An Insight into Lithium-Ion Transportation Battery Recycling Methods
Lithium-ion transportation battery recycling is one of the most important issues that need immediate attention. This is mainly due to the rapid adoption of electric mobility and electric vehicles across the world. Electric vehicles primarily employ lithium-ion batteries which are hard to dispose off, after their use, making recycling of these batteries necessary. Development of a viable battery recycling plan is currently underway and, in fact, two different ways have been fully devised to recycle the batteries and extract used metals out of it.
One of the biggest paradigm shifts the world is witnessing right now is that of electric mobility. The growing pace of degradation of the planet’s environment and atmosphere has triggered a sense of urgency with respect to this revolution. Governments of various countries, global institutions like UNEP, and automobile manufacturing giants have presented their roadmaps for shifting to electric mobility in order to achieve net zero emissions.
However, even the concept of electric mobility and electric vehicles has its own set of challenges. Currently, the most pressing challenge with respect to electric mobility is that of transportation battery recycling. The batteries used by electric vehicles are made from materials which may result in pollution of different types, thereby defeating the very purpose of why this “change” was initiated. Hence, a solid, viable, and achievable transportation battery recycling plan is the need of the hour.
How Lithium-Ion Transportation Battery Recycling Works?
According to Elon Musk, lithium batteries are the new oil; and he’s not wrong. A look at the global transportation battery recycling market shows that lithium-based battery sub-type is poised to become the fastest growing sub-segment in the coming period. Lithium-ion batteries are increasingly used to power automobiles instead of fossil fuels, which is why Musk and other experts are drawing these parallels. Naturally, the major chunk of energy focused on recycling of batteries is devoted on recycling of lithium-ion batteries.
As far as the recycling process is concerned, spent lithium-ion batteries are first subjected to a process known as pre-treatment, wherein the battery is completely discharged and all its major components are dismantled. Then, the battery undergoes mechanical pre-treatment that includes crushing, magnetic separation, shredding, and other such mechanical processes which result in the complete disintegration of the battery. The next step of lithium-ion transportation battery recycling involves thermal pre-treatment in which all combustible components of the battery are safely deactivated so as to avoid any future hazards.
After these steps, the actual recycling process starts. As of today, recycling of a lithium-ion battery can be done in two ways- pyrometallurgy and hydrometallurgy.
- Pyrometallurgy is a process in which the disintegrated and deactivated battery is smelted at high temperatures which result in oxidation-reduction reactions in the battery. Due to these reactions, cobalt and nickel which are present in the batteries in the form of oxides get transitioned into metals which can be easily recovered. Apart from these two primary metals, copper and iron, if present in the battery, can also be obtained through this method.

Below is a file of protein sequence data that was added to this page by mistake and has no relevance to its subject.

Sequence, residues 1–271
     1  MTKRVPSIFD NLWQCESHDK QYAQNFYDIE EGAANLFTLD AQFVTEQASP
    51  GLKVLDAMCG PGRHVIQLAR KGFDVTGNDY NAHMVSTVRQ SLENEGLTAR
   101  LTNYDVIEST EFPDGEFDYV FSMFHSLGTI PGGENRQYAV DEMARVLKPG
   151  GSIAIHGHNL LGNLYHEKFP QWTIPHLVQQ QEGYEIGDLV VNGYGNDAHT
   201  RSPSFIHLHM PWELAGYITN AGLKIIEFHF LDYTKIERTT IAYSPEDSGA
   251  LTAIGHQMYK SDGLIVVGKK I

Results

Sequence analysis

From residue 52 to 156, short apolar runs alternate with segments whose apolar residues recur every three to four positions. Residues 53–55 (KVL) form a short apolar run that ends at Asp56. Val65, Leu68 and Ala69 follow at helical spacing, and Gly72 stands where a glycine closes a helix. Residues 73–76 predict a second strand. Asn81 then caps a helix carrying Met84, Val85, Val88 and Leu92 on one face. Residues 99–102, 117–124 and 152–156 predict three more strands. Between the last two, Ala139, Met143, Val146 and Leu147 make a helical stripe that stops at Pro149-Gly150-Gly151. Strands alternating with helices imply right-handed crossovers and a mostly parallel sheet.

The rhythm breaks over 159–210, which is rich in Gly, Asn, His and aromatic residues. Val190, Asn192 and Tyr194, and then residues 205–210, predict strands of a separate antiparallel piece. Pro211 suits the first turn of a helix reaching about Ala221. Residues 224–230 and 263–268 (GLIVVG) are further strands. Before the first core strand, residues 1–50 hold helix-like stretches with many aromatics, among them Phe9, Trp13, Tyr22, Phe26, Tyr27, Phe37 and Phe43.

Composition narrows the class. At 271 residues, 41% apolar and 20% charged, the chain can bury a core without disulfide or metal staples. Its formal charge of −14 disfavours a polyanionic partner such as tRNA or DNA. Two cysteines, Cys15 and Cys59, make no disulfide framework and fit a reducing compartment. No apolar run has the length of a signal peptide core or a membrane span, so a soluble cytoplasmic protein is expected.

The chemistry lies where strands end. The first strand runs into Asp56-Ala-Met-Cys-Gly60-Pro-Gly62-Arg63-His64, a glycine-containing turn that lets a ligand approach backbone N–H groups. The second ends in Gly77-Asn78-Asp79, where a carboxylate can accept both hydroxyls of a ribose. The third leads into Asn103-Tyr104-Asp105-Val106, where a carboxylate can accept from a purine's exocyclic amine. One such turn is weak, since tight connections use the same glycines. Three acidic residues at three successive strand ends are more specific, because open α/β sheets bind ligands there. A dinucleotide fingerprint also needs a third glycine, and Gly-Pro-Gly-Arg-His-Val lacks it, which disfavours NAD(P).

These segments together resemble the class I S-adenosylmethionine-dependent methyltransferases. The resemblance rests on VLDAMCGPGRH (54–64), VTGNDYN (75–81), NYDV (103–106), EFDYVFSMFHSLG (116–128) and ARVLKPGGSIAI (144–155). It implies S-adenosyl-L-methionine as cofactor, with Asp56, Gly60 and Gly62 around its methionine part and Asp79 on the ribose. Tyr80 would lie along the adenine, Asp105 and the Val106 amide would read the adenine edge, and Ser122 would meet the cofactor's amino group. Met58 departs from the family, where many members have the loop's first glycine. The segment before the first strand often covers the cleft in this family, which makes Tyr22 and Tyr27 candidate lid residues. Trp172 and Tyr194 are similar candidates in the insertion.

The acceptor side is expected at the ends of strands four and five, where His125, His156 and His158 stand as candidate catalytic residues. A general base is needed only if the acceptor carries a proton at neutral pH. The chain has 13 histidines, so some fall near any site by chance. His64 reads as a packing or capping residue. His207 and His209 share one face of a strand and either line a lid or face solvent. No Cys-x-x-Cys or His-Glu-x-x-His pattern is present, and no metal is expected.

- Hydrometallurgy, on the other hand, uses strong acids and similar aqueous solutions to recycle the batteries and extract metals out of the battery. The acids most commonly used for hydrometallurgical methods are sulfuric acid, hydrochloric acid, and nitric acid. In some cases, hydrogen peroxide is also used. The metals once extracted are then separated using titration methods.
Among these two steps, there has been an increasing trend to opt for the hydrometallurgy process, as the volume of extracted metals obtained through this process is higher.
The Future of Lithium-Ion Transportation Battery Recycling
Till recently, the transportation battery manufacturing industry and the transportation battery recycling industry were locked in a classic chicken-egg situation. The battery manufacturing companies didn’t take into account the fact that once utilized completely, the battery will have to be recycled; and the recycling industry didn’t engage in recycling as the spent battery was manufactured in a way that would make the recycling process extremely cumbersome and loss-making.
However, due to increasing pressure from the civil society and research done by scientists, the recycling industry has put a foot forward to solve this issue. The battery manufacturing industry, too has responded to this positively. A new approach of battery manufacturing is being formulated wherein batteries will be designed and streamlined in such a way that the pre-treatment stage of recycling won’t be necessary. This will help the transportation battery recycling industry to cut its costs associated with pre-treatment stage and invest that money into bettering the existing recycling methods and innovate new ones. The future of the electric mobility project, hence, looks bright and reassuring.
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